Duck was on the radio coordinating our retrieve. Ray was at Kahana cheering me on by radio from his film shoot. Bonnie went to pick up the guys at Waiahole, so Duck and Ginger set off after me and Jorge. I hopped across the bay to Kahana, and found some more nice thermals there, spiraling up above Puu Piei and making the jump to Punaluu. There I thermaled into the back above Sacred Falls, and tried to get as high as I could. I slowly worked my way to cloudbase in the ebbing afternoon thermals. I headed out towards PCC, where Jorge had landed, turning in a few thermals along the way, and taking one of them pretty deep behind the Hauula gulches. I was still high at PCC so I continued on, in some really nice boaty evening air, wondering if I might actually make it to the Kahuku golf course. It looked like a close call, so I opted for a safe and fun landing at Hukilau Beach Park, in front of a large and appreciative audience.

After 4 1/2 hours in the air, I had flown 29.5 miles, definitely my longest cross country flight here. One time a few years ago, I tried to fly through boogaland like Jorge did today, but I ended up in a tree in Punaluu Valley. I was glad to fly past that ignominious landing spot and to make a safe and graceful landing today. Coming the front way is a bit more technical, but it's a lot safer in terms of landing options.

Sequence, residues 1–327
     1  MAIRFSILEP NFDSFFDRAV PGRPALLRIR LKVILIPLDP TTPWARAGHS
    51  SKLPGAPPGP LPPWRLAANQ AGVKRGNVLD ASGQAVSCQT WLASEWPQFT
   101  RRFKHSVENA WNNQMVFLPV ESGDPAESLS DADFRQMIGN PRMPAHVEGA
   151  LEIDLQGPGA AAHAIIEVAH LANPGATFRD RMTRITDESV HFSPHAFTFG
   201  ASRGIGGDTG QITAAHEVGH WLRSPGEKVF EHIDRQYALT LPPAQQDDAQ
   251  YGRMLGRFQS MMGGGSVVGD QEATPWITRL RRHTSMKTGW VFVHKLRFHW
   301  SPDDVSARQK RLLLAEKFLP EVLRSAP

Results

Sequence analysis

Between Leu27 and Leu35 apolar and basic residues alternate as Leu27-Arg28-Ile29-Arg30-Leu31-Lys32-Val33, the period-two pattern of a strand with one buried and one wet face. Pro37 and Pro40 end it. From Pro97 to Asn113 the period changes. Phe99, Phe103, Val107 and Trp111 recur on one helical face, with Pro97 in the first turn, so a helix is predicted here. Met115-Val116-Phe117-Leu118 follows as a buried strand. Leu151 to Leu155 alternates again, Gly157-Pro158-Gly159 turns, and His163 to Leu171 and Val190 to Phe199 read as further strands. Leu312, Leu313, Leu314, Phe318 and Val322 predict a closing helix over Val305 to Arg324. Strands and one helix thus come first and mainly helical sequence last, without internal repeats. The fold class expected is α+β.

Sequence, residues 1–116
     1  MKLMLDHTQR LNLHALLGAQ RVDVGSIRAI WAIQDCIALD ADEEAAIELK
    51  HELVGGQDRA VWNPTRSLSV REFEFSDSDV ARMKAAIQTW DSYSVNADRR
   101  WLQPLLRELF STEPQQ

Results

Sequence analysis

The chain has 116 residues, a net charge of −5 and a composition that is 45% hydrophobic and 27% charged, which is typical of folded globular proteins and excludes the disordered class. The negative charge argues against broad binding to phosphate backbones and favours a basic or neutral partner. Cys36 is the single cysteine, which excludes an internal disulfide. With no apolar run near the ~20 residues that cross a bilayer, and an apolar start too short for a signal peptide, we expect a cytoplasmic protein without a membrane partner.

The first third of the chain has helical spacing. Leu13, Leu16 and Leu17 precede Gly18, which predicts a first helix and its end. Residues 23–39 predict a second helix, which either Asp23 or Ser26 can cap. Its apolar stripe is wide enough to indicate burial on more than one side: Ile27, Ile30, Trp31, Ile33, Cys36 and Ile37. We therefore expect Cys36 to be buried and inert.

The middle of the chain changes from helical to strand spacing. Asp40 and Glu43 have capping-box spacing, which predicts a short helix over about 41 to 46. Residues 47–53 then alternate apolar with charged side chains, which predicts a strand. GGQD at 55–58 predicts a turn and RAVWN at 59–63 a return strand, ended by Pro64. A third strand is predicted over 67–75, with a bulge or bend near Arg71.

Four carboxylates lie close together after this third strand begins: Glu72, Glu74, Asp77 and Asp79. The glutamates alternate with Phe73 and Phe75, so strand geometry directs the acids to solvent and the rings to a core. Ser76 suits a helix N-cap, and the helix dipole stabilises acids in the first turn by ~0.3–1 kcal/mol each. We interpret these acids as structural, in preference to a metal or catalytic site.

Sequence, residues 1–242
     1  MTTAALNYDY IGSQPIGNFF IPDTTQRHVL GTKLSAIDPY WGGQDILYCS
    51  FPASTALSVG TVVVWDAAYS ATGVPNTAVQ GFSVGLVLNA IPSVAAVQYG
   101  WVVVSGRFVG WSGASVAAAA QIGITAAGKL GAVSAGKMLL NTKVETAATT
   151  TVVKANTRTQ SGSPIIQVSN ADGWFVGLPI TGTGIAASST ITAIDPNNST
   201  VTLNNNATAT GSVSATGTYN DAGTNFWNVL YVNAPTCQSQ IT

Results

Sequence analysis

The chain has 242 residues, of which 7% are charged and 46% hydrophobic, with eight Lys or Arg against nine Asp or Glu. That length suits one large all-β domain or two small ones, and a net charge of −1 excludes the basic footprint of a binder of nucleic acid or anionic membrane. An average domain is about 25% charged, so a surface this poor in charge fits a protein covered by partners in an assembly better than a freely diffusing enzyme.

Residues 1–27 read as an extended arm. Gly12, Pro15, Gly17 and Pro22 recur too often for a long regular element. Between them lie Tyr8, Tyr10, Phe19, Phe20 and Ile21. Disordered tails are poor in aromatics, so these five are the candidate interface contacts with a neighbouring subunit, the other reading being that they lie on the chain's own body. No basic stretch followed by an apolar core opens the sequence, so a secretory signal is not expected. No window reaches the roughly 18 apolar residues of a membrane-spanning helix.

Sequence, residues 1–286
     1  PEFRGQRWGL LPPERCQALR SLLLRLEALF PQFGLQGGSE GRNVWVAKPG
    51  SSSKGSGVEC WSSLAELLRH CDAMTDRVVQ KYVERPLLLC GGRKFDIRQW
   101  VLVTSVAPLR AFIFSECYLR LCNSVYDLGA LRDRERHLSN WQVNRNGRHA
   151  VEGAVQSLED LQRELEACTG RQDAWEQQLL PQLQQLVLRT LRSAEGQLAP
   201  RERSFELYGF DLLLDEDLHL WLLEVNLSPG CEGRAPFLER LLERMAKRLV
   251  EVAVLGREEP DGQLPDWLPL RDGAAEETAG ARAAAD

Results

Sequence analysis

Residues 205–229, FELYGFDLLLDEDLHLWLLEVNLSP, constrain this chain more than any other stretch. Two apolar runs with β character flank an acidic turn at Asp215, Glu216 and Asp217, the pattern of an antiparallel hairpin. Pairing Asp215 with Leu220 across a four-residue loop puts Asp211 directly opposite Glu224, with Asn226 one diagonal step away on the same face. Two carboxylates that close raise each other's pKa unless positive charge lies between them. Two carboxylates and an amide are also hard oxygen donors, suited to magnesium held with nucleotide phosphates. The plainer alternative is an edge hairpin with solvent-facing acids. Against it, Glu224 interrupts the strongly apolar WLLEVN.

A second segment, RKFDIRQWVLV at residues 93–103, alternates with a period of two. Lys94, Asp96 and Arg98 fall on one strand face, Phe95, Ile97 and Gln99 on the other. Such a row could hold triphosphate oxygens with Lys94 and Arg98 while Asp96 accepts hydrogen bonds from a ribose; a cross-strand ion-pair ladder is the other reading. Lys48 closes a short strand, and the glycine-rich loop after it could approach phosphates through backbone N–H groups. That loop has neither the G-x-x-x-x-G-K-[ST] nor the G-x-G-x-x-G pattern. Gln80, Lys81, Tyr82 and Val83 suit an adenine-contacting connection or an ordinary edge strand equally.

Roll call: Jim, Berndt, Bonnie, Jack, Chili, SD Robin, AK Scott, Frank, Jorge, Mad Dog, Thom, Flash, Duck, Ray. Thanks to my XC mentors, Jorge and Mad Dog, for leading the way. Thanks to Duck and Ginger and Bonnie for the retrieves. Thanks to Duck for the cold refreshments and to "Beetlepants" Bonnie for the grape juice.

Such a perfect day …


Thom said...

Great flights yesterday and thanks for the read.

No worries about leaving me at the Stairway I wanted to tell you to go but couldn't break my hands free.

It was not long when Frank & FireJack joined me of course they were way higher.

I flew by the infamous ridge that had sucked me over with my Sport4, I actually felt the wing shutter as we got close to it. you can bet I checked penetration a few times.